The Malawi Investment and Trade Centre (Mitc) says it is currently working on shifting its focus from traditional exports to non-traditional value added export products.
The move, according to Mitc, is aimed at addressing balance of trade between imports and exports.
Mitc Chief Executive Officer, Clement Kumbemba, said the amount of exports Malawi sends to other countries is worrying.
He said the trade centre will continue with its drive to engage as many exporters as possible and link them to services that will empower them to produce and export more.
“We are not doing very well in terms of exports as, traditionally; we have been importing a lot. We are importing almost double our exports. Our import bill is at about $3billion against $1.2 billion of our exports.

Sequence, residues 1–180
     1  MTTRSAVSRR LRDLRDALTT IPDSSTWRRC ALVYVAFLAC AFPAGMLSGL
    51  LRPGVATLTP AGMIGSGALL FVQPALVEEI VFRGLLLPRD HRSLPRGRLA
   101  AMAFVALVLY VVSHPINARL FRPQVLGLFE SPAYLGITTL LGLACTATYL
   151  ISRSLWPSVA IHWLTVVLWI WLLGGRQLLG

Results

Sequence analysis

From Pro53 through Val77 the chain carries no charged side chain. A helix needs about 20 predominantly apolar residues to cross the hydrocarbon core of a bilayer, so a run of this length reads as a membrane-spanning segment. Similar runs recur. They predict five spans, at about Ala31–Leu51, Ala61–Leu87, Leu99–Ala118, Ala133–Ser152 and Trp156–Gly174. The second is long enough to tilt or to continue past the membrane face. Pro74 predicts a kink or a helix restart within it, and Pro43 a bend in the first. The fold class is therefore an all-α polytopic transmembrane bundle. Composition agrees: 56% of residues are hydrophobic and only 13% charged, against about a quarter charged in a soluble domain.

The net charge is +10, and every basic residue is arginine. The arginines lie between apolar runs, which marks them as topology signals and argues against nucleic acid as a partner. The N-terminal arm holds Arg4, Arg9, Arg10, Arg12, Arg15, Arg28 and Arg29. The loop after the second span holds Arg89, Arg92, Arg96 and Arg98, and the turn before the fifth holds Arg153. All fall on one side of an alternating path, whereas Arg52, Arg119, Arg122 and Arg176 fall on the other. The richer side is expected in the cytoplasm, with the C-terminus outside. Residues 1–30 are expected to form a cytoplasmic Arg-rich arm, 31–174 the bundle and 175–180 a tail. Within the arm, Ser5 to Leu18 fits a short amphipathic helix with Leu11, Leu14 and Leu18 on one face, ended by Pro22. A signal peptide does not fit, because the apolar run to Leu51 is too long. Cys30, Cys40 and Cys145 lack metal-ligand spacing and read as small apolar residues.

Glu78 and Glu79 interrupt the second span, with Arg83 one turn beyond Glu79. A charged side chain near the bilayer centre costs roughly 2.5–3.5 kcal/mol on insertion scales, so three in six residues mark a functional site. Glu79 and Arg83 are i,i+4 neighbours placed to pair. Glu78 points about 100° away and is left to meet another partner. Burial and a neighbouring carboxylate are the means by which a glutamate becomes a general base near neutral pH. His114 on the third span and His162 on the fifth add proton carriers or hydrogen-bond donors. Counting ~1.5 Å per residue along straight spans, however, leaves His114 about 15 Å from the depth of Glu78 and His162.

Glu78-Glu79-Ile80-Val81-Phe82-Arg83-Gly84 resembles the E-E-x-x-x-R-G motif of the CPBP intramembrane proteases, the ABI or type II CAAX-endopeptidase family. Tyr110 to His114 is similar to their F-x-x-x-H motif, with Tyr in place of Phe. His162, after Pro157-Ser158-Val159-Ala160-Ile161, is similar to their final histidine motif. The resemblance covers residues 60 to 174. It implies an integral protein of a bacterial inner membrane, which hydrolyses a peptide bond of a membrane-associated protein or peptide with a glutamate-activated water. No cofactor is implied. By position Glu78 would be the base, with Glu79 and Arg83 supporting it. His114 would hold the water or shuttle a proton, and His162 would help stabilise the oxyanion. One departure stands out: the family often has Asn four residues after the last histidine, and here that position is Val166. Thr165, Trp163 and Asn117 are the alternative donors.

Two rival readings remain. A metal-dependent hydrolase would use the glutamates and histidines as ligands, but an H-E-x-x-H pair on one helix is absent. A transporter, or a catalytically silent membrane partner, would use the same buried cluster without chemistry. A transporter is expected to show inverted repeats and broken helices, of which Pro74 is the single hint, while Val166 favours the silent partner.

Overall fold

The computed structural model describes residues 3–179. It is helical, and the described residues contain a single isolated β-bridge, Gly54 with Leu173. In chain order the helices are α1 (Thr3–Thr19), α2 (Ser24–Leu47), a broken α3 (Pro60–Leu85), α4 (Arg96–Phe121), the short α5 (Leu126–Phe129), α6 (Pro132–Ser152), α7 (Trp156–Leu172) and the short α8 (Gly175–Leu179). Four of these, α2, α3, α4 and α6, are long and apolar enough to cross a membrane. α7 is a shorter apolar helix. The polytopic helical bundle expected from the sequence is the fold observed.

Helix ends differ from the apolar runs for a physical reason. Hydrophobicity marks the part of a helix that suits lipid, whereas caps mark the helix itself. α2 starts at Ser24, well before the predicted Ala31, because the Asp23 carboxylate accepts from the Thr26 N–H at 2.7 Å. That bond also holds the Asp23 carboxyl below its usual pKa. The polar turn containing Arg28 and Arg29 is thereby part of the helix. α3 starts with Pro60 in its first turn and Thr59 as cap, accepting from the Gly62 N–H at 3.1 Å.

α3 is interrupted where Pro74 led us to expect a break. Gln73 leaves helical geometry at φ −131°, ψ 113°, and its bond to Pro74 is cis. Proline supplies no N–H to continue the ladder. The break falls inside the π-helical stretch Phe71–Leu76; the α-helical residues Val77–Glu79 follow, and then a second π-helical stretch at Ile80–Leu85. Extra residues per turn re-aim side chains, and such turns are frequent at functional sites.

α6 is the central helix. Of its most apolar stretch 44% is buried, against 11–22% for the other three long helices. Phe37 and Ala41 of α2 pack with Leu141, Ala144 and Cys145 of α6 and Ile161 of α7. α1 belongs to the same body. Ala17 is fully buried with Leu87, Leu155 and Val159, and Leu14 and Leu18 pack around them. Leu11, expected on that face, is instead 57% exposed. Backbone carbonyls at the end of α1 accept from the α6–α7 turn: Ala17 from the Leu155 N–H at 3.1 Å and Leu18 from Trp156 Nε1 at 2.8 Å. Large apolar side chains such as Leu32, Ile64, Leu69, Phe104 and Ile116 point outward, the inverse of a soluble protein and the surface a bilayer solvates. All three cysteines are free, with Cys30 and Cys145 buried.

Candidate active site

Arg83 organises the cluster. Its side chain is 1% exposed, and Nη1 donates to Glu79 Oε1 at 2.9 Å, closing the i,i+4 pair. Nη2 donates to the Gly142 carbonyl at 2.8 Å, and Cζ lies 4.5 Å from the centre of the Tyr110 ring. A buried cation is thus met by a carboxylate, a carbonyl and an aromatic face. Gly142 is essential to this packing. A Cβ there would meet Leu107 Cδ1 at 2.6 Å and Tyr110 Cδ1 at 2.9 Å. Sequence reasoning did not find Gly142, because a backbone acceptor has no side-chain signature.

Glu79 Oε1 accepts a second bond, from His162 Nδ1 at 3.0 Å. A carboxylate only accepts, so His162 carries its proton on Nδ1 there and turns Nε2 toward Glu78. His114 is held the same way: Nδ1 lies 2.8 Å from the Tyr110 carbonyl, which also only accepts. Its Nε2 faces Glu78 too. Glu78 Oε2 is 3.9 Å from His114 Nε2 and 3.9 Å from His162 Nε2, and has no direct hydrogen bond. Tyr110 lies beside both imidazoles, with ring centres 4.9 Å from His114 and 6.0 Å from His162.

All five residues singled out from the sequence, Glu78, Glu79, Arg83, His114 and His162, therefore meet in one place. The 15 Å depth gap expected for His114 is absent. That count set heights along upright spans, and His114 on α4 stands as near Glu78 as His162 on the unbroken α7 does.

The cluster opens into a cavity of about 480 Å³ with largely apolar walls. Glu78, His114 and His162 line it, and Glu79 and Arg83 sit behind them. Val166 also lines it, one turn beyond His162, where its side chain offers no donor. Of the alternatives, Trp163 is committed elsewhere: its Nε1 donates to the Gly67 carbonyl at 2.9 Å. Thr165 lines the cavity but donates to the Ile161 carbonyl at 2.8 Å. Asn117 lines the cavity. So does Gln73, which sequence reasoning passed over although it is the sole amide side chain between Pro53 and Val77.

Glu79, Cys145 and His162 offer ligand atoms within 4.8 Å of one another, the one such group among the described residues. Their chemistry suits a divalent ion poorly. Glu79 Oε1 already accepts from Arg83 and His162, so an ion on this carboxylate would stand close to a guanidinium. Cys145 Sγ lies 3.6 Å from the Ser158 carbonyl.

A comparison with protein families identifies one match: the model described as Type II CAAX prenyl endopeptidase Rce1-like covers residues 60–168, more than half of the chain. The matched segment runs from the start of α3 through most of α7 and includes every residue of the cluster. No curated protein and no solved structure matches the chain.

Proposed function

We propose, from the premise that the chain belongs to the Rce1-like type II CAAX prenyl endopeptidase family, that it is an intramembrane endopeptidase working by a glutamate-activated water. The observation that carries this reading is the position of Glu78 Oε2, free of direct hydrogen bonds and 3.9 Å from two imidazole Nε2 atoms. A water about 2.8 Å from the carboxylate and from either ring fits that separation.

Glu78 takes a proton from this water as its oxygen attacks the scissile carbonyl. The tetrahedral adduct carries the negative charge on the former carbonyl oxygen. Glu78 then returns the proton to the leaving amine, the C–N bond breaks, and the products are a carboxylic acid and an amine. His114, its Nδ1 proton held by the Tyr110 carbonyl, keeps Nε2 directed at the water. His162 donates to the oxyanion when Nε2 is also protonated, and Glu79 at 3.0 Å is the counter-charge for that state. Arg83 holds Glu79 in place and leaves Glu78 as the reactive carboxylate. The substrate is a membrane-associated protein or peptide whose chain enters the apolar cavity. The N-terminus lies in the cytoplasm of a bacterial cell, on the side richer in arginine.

“Under the Enhanced Integrated Framework programme, we are not looking at traditional exports but rather non-traditional value added products. Our focus is to ensure that Malawi is also building capacities in export products like pigeon peas,” he said.
Kumbemba said Malawi is slowly becoming a dumping ground due to an influx of imports.
“In a liberalised market, Malawi cannot close its borders. As we are opening our borders, this should be a wakeup call to all Malawians to think investment so that we do not become a dumping ground.
“With the liberalisation, you can eventually also import. But, what is good for the country is that we are able to produce and export. If, we indeed become more of an importing nation, then, where are we going to get our foreign exchange to pay for those imports,” Kumbemba said.
He, however, said over the years, there has been a reversal in imports, especially for the cooking oil sector.
“We should create special incentives or taxes that are accepted by the World Trade Organisation (WTO) that will give advantage to our producers to thrive. By and by, we should be able to see a reversal in the balance of trade,” he said.